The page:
Welcome to The Journey
A news magazine created to connect, inform & inspire
Issue: Fall 2022, Living, Inspired with IDD
A young smiling woman with light brown hair rests her forehead against the forehead of a taller, smiling young man with similarly colored hair. They are both looking down at the woman's engagement ring, and the horizon behind them shows a blue sky over a blue ocean.
Cheilaugh Garvey
Freelance contributor

Looking for your next binge-worthy TV series? “Love on the Spectrum” may be the only one you really need to watch. Follow six extraordinary people on their quest to find true love and partnership while navigating life on the autism spectrum. This poignant view into the tumultuous dating game is nothing short of uplifting and inspiring.

The first season focuses on Australian singles; the spin-off “Love on the Spectrum US” features singles like entrepreneurial animator Dani who is motivated to find someone who shares her passion for animation and “he must have good personal hygiene; I’m not a fan of bad breath.”

Other cast members this season include sweet animal lover Abbey who cherishes her collection of stuffed lions and Disney princesses, and James, an avid Renaissance faire fan who proudly shows off his preserved alligator head and swords to the crew. Kaelynn is willing to try the speed dating scene, while senior citizen Steve is looking “to meet a lovely lady. I think I’m meant to be with a person, a woman," he explains. "This loneliness thing is … it’s not for me."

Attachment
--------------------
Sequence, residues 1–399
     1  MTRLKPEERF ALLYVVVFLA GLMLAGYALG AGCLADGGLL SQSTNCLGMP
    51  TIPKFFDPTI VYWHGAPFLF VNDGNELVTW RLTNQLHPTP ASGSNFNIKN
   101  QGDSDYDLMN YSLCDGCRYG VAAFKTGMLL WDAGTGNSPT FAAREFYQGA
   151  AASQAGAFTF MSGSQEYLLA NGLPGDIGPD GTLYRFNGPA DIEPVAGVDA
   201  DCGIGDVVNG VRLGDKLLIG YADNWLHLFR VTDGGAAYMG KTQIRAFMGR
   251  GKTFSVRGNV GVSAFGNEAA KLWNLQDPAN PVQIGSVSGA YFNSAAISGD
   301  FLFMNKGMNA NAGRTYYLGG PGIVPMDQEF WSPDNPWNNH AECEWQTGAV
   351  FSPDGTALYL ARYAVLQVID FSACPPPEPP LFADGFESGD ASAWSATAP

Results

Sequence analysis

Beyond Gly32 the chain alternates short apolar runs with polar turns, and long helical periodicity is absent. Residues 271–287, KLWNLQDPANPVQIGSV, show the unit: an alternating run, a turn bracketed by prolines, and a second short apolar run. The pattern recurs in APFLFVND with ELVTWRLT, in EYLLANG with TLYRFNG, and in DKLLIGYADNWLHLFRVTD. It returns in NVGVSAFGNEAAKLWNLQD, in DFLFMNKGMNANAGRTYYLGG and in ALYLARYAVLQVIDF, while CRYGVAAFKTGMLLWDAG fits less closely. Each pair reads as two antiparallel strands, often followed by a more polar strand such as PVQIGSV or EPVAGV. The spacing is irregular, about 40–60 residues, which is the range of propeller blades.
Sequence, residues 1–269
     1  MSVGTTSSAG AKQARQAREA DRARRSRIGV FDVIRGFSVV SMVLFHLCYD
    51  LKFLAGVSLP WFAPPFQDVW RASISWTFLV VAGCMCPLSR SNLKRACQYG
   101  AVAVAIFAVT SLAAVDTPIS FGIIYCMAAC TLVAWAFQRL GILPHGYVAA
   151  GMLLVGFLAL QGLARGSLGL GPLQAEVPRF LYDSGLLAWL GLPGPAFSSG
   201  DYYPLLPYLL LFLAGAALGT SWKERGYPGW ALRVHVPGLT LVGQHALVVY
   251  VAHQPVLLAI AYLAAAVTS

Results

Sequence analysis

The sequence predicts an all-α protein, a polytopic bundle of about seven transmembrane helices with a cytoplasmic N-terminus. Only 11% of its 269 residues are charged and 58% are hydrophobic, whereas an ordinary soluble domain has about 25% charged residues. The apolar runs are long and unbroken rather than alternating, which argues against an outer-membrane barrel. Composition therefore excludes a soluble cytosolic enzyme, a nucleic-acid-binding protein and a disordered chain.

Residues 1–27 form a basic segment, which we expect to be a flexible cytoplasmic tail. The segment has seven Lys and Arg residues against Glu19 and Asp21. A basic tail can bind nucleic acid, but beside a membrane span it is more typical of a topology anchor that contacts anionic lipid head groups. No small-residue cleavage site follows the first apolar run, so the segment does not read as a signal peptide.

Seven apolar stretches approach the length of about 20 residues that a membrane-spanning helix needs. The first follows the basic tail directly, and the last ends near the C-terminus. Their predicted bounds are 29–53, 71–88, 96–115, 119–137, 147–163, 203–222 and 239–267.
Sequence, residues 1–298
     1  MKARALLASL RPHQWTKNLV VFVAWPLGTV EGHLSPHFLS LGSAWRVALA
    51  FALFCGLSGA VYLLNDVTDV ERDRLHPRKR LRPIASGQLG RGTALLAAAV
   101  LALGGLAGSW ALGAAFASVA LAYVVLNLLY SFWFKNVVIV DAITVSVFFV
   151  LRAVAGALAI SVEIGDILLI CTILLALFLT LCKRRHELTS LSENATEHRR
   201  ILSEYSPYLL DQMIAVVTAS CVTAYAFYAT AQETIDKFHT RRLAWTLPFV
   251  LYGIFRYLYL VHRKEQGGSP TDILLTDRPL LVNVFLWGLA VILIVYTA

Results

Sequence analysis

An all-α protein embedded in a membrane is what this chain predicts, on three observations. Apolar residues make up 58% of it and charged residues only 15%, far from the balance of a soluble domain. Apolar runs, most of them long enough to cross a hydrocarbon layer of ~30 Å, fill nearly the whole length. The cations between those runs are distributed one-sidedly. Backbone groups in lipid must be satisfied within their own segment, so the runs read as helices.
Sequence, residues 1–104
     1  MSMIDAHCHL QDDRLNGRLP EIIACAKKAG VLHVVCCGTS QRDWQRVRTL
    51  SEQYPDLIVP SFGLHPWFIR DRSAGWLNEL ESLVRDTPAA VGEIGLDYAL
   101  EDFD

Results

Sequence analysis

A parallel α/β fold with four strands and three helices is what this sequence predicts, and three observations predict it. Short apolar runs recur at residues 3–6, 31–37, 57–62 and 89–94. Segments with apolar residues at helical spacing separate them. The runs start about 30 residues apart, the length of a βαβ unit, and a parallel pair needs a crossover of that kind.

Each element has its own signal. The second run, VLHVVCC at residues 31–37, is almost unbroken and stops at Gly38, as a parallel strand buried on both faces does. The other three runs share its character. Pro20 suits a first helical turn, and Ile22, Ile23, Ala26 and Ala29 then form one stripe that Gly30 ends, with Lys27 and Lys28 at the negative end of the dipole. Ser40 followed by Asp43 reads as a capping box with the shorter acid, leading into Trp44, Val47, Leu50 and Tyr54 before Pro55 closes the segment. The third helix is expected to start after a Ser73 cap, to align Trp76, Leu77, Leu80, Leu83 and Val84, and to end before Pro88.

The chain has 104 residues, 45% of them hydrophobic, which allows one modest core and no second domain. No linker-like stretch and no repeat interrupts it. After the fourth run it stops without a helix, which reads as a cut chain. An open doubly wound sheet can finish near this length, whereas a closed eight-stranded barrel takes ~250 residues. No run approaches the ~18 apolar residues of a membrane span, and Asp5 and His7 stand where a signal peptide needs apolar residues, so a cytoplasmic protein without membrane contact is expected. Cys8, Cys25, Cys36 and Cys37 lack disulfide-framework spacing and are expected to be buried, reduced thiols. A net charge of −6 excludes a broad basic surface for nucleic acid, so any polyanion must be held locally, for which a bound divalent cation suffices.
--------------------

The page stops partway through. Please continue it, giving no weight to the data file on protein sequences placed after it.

Sabodh just wants a girlfriend.

The premise is that all stakeholders will find their perfect matches, but the journey is wrought with uncertainty, fear and frustration. Heartbreaking? No way. These intrepid souls have the remarkable ability to demonstrate behaviors and conversations many neurotypical singles can only wish for, sharing authentic feelings, genuine dreams and hopes for what they want in a partner.

“Love on the Spectrum” gives us more than a glance into the unscripted world of living with autism while wanting what everyone wants — a partner, a companion, a romantic relationship. It's easy to empathize with their cause; they seem genuinely incapable of being phony or insincere. With each episode, it is a true pleasure seeing how they navigate both the joy and sometimes defeat of finding a match.

Cian O'Clery, the show's creator, director, and executive producer, shares his insight.

"People on the spectrum want love just like everybody else does," O’Clery notes. “It's really refreshing and nice to be able to show people on an authentic dating journey who aren't picture-perfect people looking for Instagram followers."

The show has been described as “wholesome and endearing” without being patronizing or trite. Clearly the respect and affection these singles and couples show each other is more than superficial; it’s the real deal and we feel it all the way through. No games, no coy remarks or ghosting, just pure unadulterated affection for the ones who are lucky enough to get it.

Tune in to “Love on the Spectrum,” now streaming on Netflix. You won’t regret it.

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